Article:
Gardener's Grapevine 2012.01.18

Written by David Green.

Sunday afternoon is my time to “chill” with the computer and a cup of hot tea and write this article. Sometimes life just is so peaceful. I say this as I watch our big orange tabby cat, Crankshaft, chase a squirrel across the side yard.

This cat is not aware that the squirrel is not going to be all that fun if he catches him. Squirrels bite, and extremely hard; they’re not animals that enjoy being messed with. My dad’s King Charles spaniel, Cooper, is not aware of this either and he spends his days looking out the window guarding the house from the dreaded squirrels. It makes me laugh to think of the big surprise both of these animals would get if a squirrel decided to turn the table.

I was doing some reading yesterday and came across an article in Country Living about the Farmers Almanac. I remember seeing the almanac in the home of my great-grandparents, Hila and Estel Elderdge, as a young child. I never took the time to read it though. Then one Christmas I was looking for an extra gift for my uncle Dwight Houttieker and my aunt said get him the Farmers Almanac. As I stood in line to pay for it, I glanced through this small piece of literature.

It appears more magazine than book, yet reads like an informative book. It is really quite fascinating and usually the predictions are right. Apparently farmers had been following this book for years with success.

The article I read had some interesting tidbits I thought I would share: 

The almanac was first published during George Washington’s administration. It was used by Abraham Lincoln to discount a witness in an 1858 murder trial. The hole in the upper left corner of each copy was originally intended to hang the book up in the “outhouse.” During WWII the FBI discovered the Farmers Almanac in a German spy’s coat pocket. It has only had 13 editors over the years. A printing mix up in July 1816 had a snow prediction, and strangely enough it actually did snow that summer.

This little book is really fun reading for a gardener and most times it is on the money with predictions. It is available at most places selling a big selection of magazines, and is reasonably priced at $5.99.

Saturday morning I went up to our beautiful library to pick up my weekly  books on CD. I have discovered the world of interlibrary loans—I can request my favorite authors and soon they are there. What a great thing and I can use it right at home. When you drive an hour to and from work every day, recorded books are gifts straight from the big guy himself. 

While I was there I started doing some more research on when this column started and what it was like then. I liked the newspaper back then; it was so personal. Maybe because I knew a lot of the people or just the way it was put together. It seemed like a great big Christmas letter. Who married who in extreme detail; who visited who; who was in the hospital and released.

The articles written by Maude Chase really grab me. Either the lady had a mind like a computer or she kept some very detailed notebooks. I read every one of her articles and it’s why it’s taking me forever to get any information on the Grapevine article.

I did run across some interesting ads. The A&P grocery store had lettuce for ten cents a head January 7, 1960. The seed costs more than that now. Cauliflower was twenty-nine cents a head and navel oranges were forty-nine cents a dozen. Wow! How about two loaves of white bread for thirty-five cents or eggs for thirty-seven cents a dozen? Consumers Power ran an ad that said “what works 24 hours a day nonstop for twenty cents a day?” That’s how much electricity cost then. What a huge difference 52 years can make.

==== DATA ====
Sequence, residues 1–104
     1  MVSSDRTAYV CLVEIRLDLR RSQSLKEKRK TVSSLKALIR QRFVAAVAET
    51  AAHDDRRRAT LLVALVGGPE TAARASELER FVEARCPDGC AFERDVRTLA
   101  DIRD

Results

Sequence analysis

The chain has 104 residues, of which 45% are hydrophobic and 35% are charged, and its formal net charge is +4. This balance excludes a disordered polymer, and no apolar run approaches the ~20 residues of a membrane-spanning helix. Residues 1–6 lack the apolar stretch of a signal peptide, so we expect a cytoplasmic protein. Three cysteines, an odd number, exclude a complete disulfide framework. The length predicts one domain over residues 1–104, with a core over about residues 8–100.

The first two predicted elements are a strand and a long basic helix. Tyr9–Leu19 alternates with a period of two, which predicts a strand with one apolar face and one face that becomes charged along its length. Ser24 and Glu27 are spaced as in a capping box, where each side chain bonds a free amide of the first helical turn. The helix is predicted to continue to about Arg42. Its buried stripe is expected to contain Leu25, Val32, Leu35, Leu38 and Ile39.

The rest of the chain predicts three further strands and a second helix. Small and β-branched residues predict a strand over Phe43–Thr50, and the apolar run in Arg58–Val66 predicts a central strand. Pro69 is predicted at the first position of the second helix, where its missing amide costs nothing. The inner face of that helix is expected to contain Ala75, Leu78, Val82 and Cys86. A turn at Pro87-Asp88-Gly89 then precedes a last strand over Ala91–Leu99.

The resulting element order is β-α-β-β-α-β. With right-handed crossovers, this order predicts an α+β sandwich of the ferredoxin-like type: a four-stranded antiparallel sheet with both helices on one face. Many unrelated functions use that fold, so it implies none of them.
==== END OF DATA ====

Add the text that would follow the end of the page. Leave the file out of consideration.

• Front.rest
    TAKE A BREAK—Last Wednesday’s session of Stair District Library’s Summer Reading Program ended with a quiet period in a class presented by yoga instructor Melany Gladieux of Toledo. Children learned a variety of yoga poses in the main room at the library, then finished off the session relaxing. Additional photos are on page 7. Area children are invited to visit the library today when the Michigan Science Center presents a flight program at 11 a.m. and roller coasters at 1 p.m.
  • Front.batter
    THE DERBY—Tyler “Smallpox” Flakne of Minnesota’s Home Run League All-Stars goes for the fence Friday night during the National Wiffle League Association’s home run derby in Morenci. This year the wiffleball national tournament moved from Dublin, Ohio, to Morenci’s Wakefield Park. During the derby, competitors had two minutes to hit as many home runs as possible. The winner this year finished with 21. See page 6 and 7 for additional photos.
  • Front.green Screen
    OUT OF THIS WORLD—Elizabeth McFadden and Elise Christle pose in front of the green screen as VolunTeen Noah Gilson makes them appear as though they are standing on the Moon. More photos from the Stair District Library’s NASA @ My Library program are on page 12.
  • Front.snake
    Lannis Smith of the Leslie Science and Nature Center in Ann Arbor shows off a python last week at Stair District Library's Summer Reading Program.
  • Front.fireworks
    FIREWORKS erupt Saturday night over Morenci’s Wakefield Park during the waning hours of the Town and Country Festival. Additional festival photos are inside.
  • Pipeline Spread
    LINED UP—Lengths of pipe were put in place last week along the route of the Rover natural gas pipeline that will stretch from Defiance, Ohio, to Ontario, Canada. Topsoil was removed before the pipes were laid out. The 42-inch diameter pipeline is scheduled for completion in November.
  • Front.rock Study
    ROCKHOUNDS—From the left, Joseph McCullough, Sean Pagett and Jonathan McCullough peer through hand lenses to study rocks. The project is part of Morenci Elementary School’s summer camp that continues into August.

Weekly newspaper serving SE Michigan and NW Ohio - State Line Observer ©2006-2017